A former Prince George resident has turned a childhood interest into an unexpected career path.
Philip Calvert left the country Sunday en route to Thailand, where he begins a four-year term as Canadian ambassador to the southeast Asian country.
It may have been a 26-hour voyage from his Ottawa departure point, but Calvert's journey truly began in the mid-1970s as a student in Keith Gordon's Grade 12 class at Prince George secondary school.
"We had a section on China's history, which was kind of unusual in the History 12 curriculum," Calvert remembered. Coupled with the Eastern philosophies he picked up as a student of the Korean martial art hapkido, Calvert was inspired to declare a major in Chinese history as a student at the University of British Columbia.
"People thought I was a little bit crazy then, but it worked out for me," he said.
Despite not predicting any job prospects, Calvert continued with his studies, earning a Masters in Chinese history from Toronto's York University. He spent his summers back in B.C. piling lumber at sawmills and eventually working for the B.C. Forest Service.
"For three summers I was a forestry lookout on Pilot Mountain. I never really anticipated doing Chinese and Chinese history leading to a job," he said.
But an application to the federal government yielded a post-exam job offer in 1982, just as Calvert was planning to pick up more work with the Ministry of Forests.
"I got this call saying 'we're going to hire you to be in Foreign Affairs' and 'come to Ottawa.' So I did," he recalled.
From 1984 to 1987, Calvert was stationed in Beijing as second secretary and responsible for promoting commercial interests and helping Canadian private sector companies increase their presence in the Asian market.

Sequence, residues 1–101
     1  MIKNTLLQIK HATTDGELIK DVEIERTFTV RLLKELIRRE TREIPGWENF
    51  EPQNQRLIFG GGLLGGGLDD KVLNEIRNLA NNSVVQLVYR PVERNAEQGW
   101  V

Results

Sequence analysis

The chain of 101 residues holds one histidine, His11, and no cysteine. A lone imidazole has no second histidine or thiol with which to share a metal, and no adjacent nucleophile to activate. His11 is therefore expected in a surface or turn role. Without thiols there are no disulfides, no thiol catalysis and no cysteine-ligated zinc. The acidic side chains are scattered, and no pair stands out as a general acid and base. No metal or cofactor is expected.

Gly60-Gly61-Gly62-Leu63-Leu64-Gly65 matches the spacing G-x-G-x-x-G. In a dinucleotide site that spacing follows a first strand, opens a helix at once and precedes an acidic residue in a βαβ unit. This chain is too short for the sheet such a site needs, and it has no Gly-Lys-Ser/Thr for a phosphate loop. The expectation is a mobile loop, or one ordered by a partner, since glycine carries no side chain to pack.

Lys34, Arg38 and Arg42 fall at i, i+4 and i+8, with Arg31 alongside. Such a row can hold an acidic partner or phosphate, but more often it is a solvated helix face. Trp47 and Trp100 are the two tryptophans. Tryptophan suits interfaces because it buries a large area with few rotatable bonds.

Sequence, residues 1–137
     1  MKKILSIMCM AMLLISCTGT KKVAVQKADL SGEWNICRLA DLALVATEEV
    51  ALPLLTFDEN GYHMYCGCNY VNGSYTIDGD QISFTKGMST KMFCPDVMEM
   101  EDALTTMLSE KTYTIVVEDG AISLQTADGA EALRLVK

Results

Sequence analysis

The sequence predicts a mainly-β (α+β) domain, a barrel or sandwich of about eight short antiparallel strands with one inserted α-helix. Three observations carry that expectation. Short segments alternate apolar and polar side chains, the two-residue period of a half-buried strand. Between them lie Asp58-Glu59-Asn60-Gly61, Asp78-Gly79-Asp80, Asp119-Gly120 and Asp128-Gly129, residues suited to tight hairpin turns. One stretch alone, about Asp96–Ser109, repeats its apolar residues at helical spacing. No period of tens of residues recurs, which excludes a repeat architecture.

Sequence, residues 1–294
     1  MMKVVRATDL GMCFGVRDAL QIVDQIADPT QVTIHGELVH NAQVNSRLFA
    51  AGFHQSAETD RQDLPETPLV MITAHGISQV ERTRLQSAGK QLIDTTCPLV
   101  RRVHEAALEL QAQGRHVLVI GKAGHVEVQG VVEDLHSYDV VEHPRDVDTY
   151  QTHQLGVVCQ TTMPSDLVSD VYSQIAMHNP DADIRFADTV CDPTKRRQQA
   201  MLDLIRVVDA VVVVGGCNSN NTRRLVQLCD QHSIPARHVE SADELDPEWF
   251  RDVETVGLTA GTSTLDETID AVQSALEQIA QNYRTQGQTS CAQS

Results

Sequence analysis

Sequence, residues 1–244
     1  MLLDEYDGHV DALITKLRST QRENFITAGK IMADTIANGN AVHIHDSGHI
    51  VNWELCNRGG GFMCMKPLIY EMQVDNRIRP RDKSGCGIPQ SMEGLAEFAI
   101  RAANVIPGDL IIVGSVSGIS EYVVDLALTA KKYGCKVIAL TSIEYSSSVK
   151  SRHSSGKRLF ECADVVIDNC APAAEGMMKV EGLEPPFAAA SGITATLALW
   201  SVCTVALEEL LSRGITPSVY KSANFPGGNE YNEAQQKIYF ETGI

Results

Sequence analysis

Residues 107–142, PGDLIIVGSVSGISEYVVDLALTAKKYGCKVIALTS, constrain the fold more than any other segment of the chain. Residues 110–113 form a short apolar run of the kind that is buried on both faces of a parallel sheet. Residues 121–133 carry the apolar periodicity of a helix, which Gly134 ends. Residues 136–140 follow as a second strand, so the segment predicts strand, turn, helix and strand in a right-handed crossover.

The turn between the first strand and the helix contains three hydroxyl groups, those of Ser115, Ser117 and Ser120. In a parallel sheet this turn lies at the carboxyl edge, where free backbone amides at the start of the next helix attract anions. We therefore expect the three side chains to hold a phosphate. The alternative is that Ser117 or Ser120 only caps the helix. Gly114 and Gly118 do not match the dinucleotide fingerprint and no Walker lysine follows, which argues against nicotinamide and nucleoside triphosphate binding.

Through the years, he has also served as deputy chief negotiator for Canada for China's accession to the World Trade Organization and as both counsellor and deputy head of mission in Beijing. For the past four years, Calvert worked from Ottawa as director general of the North Asia Bureau.
Now the father of three is responsible for raising Canada's profile in Thailand as well as Laos and Cambodia.
The relationship with the country is a good and multi-faceted one, according to Calvert.
And while Thailand is still recovering economically from the impact of the 2011 floods, their major import from Canada is wood pulp.
"Thailand's a big economic player in the region. We have about $3.5 billion in bilateral trade with them," he said, adding the two countries have also begun exploratory discussions for a free trade agreement.
As much as Calvert enjoys living in Asia and is looking forward to the Thai experience he has a soft spot for the city and region he called home from the age of four.
"I'm representing Canada abroad but I always remember where I'm from," Calvert said. "I think there's lots of opportunities we can pursue in my region [of Asia] that are of interest to Prince George and northern BC... I'll be thinking about northern BC when I'm there."